Candy bar (raffle or beakdown in prices)
by Rayfil Wong
Every year at Holy Name, the Catholic school I attended from sixth to eight grade, I hated when the time comes to sell chocolate bars for fund raiser. In middle school, I was a shy five foot seven Chinese kid. I did not like going up to strangers and asking them for money. Looking back, I was a disgrace since my cowardness every year resulted in my parents and her mah jong friend buying most of the candy. Ever since I graduated from UC Berkeley, I become a very refined and confident sales person.
A few years ago, a girl I coach from my basketball team asked me to buy a chocolate candy bar for $2 a piece. I thought to myself, “why would I want to buy chocolate four times I can get a Snicker bar.” Since I love the field of sales, I taught her some great pointers. Stephanie simply said, “hey, you wanna buy a candy bar for two dollars.” A slogan that confirmed a novice and untrained sales representative. I taught her a few basic pointers that will make her selling a success.
If I were given a chance to sell a box of chocolate again, I would use all the following techniques. Firstly, my potential customers need to have a reason to buy. I would say,
“with just two dollars, you will get a candy bar and make me dream come true, sending me to Disneyland with my highschool friends for the week.” With this sales line, I painted a clear picture that just two dollars, my potential customer will be able make a person’s dream come true and feel very charitable.
Often times, a potential customer may say, “two dollars is pretty expensive for a candy bar.” Then I would say, “not only can just two dollars change my life so that I can go to Disneyland, I must let you know that you can pay the full two dollar or give me seven teen cents montly for tweleve months. I strategically broke down the total amount of two dollars so that a potential customer can realize that for just seven teen cents a month for a year, I can change a person’s life. As you have noticed, many major companies that sell products online or on commercials break down the town price.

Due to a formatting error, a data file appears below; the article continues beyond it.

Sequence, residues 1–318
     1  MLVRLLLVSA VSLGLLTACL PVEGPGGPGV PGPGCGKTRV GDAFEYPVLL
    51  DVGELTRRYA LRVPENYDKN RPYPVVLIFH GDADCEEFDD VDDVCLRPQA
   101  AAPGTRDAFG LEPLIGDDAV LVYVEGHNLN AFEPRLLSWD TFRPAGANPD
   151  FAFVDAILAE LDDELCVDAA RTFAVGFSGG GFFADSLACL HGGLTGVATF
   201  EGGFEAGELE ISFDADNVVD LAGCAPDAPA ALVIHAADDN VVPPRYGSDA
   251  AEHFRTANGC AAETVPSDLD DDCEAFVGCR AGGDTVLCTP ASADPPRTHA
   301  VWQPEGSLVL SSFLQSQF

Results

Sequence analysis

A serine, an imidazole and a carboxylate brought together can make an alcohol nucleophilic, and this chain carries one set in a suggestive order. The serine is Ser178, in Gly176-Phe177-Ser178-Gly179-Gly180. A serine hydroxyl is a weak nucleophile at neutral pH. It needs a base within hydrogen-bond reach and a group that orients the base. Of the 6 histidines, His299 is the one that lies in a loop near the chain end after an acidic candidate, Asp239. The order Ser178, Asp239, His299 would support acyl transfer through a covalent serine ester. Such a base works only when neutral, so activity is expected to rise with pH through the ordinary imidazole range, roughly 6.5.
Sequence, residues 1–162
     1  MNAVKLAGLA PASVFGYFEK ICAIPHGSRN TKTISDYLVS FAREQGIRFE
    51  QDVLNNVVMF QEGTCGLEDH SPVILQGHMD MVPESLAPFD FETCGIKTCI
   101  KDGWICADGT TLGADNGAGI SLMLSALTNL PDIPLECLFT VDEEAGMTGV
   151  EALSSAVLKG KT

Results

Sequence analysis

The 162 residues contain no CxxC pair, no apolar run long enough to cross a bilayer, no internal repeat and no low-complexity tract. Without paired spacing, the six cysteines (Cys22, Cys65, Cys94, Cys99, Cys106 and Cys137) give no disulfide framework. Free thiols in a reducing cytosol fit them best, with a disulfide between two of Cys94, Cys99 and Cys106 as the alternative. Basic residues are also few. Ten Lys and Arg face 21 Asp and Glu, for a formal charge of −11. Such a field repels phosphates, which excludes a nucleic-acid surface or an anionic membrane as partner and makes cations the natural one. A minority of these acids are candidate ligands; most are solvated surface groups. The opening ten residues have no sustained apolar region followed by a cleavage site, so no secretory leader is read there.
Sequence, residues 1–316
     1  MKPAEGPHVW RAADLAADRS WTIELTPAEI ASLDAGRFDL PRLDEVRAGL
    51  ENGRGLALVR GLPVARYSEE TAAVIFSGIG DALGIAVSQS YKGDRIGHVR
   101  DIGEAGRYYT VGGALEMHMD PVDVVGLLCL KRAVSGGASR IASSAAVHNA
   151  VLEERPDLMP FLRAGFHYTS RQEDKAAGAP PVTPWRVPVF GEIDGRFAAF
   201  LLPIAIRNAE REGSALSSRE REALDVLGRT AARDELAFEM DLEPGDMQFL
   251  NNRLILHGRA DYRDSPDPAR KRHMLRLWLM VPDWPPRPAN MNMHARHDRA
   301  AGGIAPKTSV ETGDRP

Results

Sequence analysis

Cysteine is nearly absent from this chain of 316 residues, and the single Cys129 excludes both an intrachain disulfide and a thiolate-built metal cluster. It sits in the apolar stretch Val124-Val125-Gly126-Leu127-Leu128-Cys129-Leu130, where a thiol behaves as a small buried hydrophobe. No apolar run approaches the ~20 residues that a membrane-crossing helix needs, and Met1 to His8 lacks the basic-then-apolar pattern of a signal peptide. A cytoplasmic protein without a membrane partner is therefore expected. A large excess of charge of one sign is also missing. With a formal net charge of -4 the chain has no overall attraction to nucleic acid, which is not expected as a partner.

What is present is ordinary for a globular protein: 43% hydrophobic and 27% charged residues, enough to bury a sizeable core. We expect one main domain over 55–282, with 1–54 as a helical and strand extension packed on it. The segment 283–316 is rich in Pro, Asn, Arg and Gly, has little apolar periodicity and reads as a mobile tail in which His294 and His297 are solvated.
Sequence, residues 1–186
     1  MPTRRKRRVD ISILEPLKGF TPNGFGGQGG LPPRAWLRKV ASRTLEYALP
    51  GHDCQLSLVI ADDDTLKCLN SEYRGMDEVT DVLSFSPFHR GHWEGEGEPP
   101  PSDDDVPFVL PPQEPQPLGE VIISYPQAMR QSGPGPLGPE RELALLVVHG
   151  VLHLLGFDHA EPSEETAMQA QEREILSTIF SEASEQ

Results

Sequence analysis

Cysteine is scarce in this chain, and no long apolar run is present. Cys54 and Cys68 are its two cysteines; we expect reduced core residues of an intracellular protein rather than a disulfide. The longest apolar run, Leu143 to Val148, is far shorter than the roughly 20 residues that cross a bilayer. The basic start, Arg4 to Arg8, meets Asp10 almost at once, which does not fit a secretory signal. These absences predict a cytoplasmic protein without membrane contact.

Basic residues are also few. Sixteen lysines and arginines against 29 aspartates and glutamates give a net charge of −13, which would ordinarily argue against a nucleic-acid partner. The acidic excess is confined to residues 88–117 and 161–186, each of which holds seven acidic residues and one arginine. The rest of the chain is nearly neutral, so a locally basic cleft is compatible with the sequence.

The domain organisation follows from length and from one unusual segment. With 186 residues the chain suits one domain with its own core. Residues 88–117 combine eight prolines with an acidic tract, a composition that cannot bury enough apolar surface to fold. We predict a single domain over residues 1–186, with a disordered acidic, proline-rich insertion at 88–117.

The last technique in selling the candy bar can give me both a profit and create a sense of excitement of my potential buyers. For instance, a box of candy bar consist of thirty candy bars. Instead of selling each bar for $2, advertise and say “ with just three dollars, you can win a box of candy bars filled with thirty bars worth over $60.”
Most potential customers will buy a raffle ticket since it is a great cause but more importantly, they want to take a risk realizing that just $3 can give then a chance to win thirty candy bars worth over $60. I can imagine selling thirty tickets easily. Lets do the math. If I sell thirty ticket, I gain $90 dollars. The entire box only cost $60. I would gain $30 just by doing the raffle system.
Imagine thirty customers surrounding me as I pull one lucky winner out of a jar. In this instance, I know that selling chocolate is both profitable and fun creating suspense and excitement for my customers.
Image to remember: candy bar
Sales point to consider: let your potential audience know how their purchase will effect the sales person and them
You can break down price sensitive customers but breaking down the final purchase price into monthly installments. I can sell the candy bar’s using a raffle system gaining a profit for myself and creating suspense, fun, and excitement for the customers.